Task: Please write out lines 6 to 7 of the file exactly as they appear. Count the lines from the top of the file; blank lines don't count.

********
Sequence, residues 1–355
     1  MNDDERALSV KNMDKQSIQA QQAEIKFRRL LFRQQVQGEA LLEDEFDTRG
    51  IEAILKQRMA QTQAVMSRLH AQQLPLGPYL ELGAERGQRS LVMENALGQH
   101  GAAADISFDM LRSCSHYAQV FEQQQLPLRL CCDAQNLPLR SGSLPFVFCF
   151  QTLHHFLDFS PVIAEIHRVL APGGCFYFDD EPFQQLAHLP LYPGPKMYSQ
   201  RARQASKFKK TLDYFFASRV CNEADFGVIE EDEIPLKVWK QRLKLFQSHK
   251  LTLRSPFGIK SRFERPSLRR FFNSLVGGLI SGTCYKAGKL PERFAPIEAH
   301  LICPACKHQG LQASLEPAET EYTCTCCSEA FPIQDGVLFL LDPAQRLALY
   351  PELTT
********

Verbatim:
   201  RARQASKFKK TLDYFFASRV CNEADFGVIE EDEIPLKVWK QRLKLFQSHK
   251  LTLRSPFGIK SRFERPSLRR FFNSLVGGLI SGTCYKAGKL PERFAPIEAH